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Laurier CEO-in-Residence Lindsay Duffield shares lessons of life and leadership
Wilfrid Laurier University alumnus Lindsay Duffield (BBA ’79), president of Jaguar Land Rover Canada, delivered a keynote address May 15 as the School of Business and Economics’ fifth CEO-in-Residence. He shared lessons in leadership, as well as inside perspective on rebuilding the iconic automotive brands after the financial crisis of 2008.
The global recovery of Jaguar Land Rover was one of many topics Duffield touched on during his talk, titled “The Rebirth of Two Automotive Icons.” He also offered leadership and life lessons, outlining the importance of taking risks and being flexible.
“It’s important to be flexible and not get flustered,” he said. “What you are hired for is likely not what you are going to do. You have to realize that it’s not about ‘What am I going to do today?’, it’s ‘Where do I start?’.”
Duffield spent 14 years with IBM Canada in various sales, marketing and financial services positions before entering the automotive industry as director of marketing and communications at Mercedes-Benz Credit Corporation. In 1996 he moved on to BMW Group Financial Services as vice-president of sales and marketing, and then moved to Columbus, Ohio, in 2000 to take the role of vice-president of operations. In 2004 he was appointed the first Canadian-born president and CEO of BMW Group Canada. In 2010 he became president of Jaguar Land Rover Canada.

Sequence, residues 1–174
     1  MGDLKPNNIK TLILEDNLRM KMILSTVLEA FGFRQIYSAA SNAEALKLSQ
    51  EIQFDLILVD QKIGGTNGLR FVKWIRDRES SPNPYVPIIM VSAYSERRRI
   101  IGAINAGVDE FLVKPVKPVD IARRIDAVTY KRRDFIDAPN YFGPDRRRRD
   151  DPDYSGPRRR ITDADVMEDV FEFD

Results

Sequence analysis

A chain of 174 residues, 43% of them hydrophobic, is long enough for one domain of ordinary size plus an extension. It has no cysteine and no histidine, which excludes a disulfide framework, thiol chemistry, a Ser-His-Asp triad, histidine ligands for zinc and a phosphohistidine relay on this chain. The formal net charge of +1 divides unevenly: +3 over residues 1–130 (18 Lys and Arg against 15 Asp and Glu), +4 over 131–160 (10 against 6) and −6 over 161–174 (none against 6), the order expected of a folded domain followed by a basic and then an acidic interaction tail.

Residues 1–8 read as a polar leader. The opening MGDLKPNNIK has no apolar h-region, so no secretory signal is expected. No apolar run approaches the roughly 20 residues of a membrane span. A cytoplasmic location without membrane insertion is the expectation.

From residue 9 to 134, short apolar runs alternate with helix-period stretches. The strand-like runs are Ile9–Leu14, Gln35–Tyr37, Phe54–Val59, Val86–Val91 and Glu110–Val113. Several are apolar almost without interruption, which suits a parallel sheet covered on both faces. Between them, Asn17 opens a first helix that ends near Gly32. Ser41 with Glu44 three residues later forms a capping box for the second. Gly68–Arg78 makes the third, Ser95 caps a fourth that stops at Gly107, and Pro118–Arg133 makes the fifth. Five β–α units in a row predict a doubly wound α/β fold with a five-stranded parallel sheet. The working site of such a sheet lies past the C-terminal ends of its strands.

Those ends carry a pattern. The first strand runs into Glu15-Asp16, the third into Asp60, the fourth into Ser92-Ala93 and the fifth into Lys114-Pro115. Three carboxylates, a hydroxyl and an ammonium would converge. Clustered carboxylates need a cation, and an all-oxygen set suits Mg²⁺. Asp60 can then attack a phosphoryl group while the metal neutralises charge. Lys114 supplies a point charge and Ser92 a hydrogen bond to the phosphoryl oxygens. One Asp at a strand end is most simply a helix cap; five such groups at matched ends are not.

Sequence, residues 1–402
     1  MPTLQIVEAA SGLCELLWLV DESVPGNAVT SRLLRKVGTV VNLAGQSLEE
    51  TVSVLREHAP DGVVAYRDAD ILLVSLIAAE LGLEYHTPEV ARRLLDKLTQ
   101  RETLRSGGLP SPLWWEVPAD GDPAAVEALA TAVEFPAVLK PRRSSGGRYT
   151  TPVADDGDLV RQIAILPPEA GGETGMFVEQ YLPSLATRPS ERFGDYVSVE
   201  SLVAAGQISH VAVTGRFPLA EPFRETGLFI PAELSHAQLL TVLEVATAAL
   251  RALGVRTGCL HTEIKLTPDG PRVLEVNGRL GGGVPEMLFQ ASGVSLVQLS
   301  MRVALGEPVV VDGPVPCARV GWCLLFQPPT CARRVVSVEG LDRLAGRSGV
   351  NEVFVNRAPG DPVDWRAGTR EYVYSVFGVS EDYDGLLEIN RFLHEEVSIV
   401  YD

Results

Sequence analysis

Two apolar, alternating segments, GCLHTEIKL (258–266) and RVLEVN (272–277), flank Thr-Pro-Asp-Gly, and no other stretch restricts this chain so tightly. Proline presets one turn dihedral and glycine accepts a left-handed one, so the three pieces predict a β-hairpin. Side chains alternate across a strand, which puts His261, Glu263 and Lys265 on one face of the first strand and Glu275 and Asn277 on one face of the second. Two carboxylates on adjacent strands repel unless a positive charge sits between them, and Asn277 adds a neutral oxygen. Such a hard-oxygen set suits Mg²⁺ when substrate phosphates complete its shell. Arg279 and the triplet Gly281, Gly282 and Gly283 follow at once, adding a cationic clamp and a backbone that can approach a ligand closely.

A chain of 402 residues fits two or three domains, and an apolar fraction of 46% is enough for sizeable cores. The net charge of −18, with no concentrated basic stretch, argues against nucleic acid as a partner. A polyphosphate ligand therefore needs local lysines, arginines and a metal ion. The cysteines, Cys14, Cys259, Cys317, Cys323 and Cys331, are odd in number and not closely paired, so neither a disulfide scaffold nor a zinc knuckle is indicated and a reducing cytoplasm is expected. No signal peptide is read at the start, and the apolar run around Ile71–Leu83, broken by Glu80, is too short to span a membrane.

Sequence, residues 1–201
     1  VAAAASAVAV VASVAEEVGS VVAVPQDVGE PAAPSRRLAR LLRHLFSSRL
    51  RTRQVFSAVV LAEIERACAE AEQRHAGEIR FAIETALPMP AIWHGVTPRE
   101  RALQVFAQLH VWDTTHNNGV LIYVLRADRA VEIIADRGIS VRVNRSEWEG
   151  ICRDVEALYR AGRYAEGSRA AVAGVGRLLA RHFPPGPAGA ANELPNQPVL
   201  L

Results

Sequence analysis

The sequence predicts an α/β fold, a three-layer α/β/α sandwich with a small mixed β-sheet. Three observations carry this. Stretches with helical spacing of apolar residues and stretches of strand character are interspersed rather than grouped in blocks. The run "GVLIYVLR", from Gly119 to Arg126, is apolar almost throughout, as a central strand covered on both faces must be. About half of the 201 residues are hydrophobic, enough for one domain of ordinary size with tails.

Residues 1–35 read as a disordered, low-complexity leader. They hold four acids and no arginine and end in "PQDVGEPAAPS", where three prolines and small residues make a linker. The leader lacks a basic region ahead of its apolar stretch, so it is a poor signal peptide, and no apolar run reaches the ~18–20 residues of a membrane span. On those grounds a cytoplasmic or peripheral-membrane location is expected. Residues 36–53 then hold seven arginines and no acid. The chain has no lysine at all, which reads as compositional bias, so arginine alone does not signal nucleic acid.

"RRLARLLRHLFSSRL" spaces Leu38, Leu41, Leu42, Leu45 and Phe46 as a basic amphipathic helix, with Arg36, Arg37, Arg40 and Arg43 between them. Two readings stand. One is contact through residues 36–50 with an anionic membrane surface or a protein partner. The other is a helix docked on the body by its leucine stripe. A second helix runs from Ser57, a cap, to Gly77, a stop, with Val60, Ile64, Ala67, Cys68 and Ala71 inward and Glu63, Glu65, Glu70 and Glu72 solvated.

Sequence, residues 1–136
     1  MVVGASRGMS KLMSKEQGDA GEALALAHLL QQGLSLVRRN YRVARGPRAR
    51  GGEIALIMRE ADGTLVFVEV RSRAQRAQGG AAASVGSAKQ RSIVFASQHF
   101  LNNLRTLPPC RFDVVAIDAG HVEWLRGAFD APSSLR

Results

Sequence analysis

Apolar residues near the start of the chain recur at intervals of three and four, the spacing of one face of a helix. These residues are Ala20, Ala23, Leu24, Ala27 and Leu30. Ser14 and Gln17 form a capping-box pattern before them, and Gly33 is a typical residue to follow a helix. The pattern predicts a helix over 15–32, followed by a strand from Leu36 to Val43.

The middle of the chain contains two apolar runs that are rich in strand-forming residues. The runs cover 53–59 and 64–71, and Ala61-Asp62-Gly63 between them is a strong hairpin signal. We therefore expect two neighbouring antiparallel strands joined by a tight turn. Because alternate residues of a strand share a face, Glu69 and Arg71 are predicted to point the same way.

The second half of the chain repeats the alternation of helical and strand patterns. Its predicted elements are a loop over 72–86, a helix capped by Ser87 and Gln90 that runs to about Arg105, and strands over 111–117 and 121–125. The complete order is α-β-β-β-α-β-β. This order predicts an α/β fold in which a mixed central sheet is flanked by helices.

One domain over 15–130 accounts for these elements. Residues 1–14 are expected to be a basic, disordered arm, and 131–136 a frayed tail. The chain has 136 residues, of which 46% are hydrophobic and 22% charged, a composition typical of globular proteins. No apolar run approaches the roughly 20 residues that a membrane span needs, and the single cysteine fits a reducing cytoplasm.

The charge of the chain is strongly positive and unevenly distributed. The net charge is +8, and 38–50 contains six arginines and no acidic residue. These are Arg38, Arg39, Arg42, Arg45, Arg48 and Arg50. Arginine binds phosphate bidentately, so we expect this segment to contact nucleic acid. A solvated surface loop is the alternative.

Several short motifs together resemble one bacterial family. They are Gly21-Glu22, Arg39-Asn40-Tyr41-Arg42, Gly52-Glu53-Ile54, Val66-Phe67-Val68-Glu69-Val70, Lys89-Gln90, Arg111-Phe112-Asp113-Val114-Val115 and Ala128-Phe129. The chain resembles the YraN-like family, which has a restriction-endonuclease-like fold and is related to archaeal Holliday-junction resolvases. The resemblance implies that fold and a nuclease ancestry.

Facing quality issues, an aging demographic and slumping sales, Duffield said making the brand “cool” again through focused marketing and introducing new product was key. Today, Jaguar Land Rover is the fastest growing luxury automotive brand in Canada, with record sales in 2013.
“It’s like building a plane while flying it, and trying to avoid turbulence,” said Duffield, who acknowledged that although the automaker has come a long way in a short amount of time, “It is a marathon and there is a long way to go.”
Duffield wrapped up his talk with 10 lessons of life for students, which included: never stop learning, take chances while you can, never burn bridges and stay true to your personal brand. He also advised against career planning.
“I wasn’t looking to be in the car business, but it kept calling to me. Do what you love and feel passionate about, even if it doesn’t pay very well. Find those skills to develop and you will be of value to any company.”
The Laurier CEO-in-Residence is an appointed honour by the dean of Laurier’s School of Business and Economics, and has been developed to deliver a perspective to students beyond their studies and research in the classroom.
• Stacey Mowbray (BBA ’84), past president and CEO, The Second Cup, Ltd.
• Tim Penner (BBA ’78), former president, Procter and Gamble Canada
• Michael Ward (BBA ’86), president, IKEA USA
• Lynn Oldfield (BBA ’84), president and CEO, AIG Company of Canada